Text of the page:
In our own words #35: “I left Sudan, Egypt and Libya for a life. I still hope to find a better life.”

In our own words #35: “I left Sudan, Egypt and Libya for a life. I still hope to find a better life.”

On April 28th 2017  SOS MEDITERRANEE’s SAR Team has rescued three boats with 187 migrants on board: 174 men, 13 women and 46 unaccompanied minors.

One of the migrants is Abdu’lah.* He comes from Sudan, from the Darfur region.

Some of the men from Sudan who are on board after the rescue on April 28th don’t speak English.  With the help of a friend who acted as a translator, Abdu’lah, we were able to hold the following conversation. Some information may result poor or lacking due to the poor communication we were able to have using English as a language.

When I asked his age he had a hard time telling me as he inverts the numbers and says he is 83. I was very surprised about how a man of such age could have made it through such a difficult journey through the desert first and then at sea.  But I was even more astounded when I eventually figured out his real age was 38. He looked so much closer to the aged I had understood at first and much older than 38. I was observing him. He looked consumed by fatigue, his face marked with deep wrinkles, a mouth with few teeth, white beard and swollen hands.

I asked him to tell me where he comes from, I invited him to tell me something about his country and his journey.

He told me he is from Sudan, he comes form the Darfur region and he has nothing else to add. Then he stood  up – swaying – to go to the toilet and while we were waiting for him to come back, his friends started speaking too.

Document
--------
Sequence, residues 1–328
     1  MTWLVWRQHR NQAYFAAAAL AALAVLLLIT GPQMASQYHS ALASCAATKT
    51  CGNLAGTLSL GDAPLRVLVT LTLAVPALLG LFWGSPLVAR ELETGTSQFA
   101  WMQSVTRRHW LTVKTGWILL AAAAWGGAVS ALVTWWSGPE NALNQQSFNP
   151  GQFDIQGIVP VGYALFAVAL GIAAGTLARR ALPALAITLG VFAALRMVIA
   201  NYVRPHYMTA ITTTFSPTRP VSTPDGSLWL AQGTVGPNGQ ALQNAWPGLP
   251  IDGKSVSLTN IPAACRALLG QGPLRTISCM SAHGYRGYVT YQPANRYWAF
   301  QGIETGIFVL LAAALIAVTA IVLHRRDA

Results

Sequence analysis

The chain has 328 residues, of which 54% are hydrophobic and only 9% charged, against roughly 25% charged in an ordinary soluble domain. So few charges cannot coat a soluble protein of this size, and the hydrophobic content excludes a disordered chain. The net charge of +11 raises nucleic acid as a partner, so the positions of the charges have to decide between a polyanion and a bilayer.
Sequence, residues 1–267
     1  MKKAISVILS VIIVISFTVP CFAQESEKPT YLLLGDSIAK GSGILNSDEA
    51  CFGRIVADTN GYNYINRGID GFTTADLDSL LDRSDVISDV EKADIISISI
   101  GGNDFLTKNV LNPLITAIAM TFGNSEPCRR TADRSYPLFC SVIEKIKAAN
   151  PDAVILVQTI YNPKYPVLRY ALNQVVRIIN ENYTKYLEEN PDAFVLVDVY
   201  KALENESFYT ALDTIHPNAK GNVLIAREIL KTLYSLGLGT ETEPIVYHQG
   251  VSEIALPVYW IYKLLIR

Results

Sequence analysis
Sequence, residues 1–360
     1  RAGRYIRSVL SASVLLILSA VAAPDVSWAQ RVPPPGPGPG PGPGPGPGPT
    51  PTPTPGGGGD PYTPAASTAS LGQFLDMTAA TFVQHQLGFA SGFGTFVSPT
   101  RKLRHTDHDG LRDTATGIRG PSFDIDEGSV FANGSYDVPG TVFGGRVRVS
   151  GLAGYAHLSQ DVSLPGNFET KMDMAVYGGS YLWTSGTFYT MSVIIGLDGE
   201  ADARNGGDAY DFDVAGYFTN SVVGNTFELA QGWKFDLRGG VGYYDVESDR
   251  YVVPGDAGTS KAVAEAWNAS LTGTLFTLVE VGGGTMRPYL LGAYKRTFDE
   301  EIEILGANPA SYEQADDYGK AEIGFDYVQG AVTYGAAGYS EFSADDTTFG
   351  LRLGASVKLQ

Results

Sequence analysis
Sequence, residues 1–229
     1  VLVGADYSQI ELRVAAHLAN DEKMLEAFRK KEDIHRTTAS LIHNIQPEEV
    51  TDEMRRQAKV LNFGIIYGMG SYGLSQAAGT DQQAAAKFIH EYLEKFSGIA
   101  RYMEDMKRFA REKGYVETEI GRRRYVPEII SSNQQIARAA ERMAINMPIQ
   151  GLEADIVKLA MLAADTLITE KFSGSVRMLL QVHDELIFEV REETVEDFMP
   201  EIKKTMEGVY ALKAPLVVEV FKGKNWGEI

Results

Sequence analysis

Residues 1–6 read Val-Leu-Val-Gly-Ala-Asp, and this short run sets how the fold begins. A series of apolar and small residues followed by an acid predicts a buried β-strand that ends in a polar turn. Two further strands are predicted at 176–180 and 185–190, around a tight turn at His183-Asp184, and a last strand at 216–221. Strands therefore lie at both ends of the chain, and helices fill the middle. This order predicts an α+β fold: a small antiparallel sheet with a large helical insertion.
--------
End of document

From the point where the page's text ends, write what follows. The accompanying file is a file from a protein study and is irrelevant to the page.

He came from Sudan as well, also Darfur region, but he will never return to his country, there is nothing worth living for there, too many people are dying, it’s not safe, there is no food, there is nothing left in Sudan, he said.

Then Abdull’ha came back. He had a sit in front of me and we began a simple but intense conversation during which he kept on repeating that he cannot live in Sudan, it’s a place where there is no life left for human beings and the only hope left is to be able to leave.
He told me: “It’s not safe for women and for children, you can’t walk in the street, you’re always scared that armed men will shoot you and take you away, and then there is no food and no water. To get water, people leave early in the morning, walk all day and get back in the evening with 5 lt of water for the whole family”

There is very little food left as well. He opened the palm of his hand to show me what is the portion of rice for breakfast and dinner. If you eat more one day you will have nothing to eat the day after.

He belongs to a family of eight brothers and three sisters. I asked him why he had left alone but the answer was obvious: “We didn’t have enough money for all of us to leave, but someone had to. It’s no life in Sudan, sooner or later you will die as there is nothing to eat or because someone will shoot you… It is better to die while trying to leave with the hope of finding a better life than dying in Sudan.”

He left in 2015. After three days of travel in the desert he arrived in Egypt where he stayed a year and worked as a shoeshiner in the streets. In Egypt life wasn’t easy either. “If you are not Egyptian they don’t pay your work or they steel your money, life wasn’t safe there either.”

So in May 2016 he left Egypt to go to Libya with the only goal to get to Europe.

To gather the money for the travel he worked at the market, he would clean and then sleep there. Life in Libya got more and more dangerous and difficult. People would get beaten up, robbed… but those who were working at the market were not targeted.

He saved enough money for the journey but was terrified by the sea, then he thought he had no other choice.

He told me sadly with some hope in his voice: “I left Sudan for a life, I left Egypt for a life and I left Libya for a life. I hope to find a better life”.

***

* Name has been changed.

Author: Francesca Vallarino Gancia
Photo: Kenny Karpov
Translation: Natalia Lupi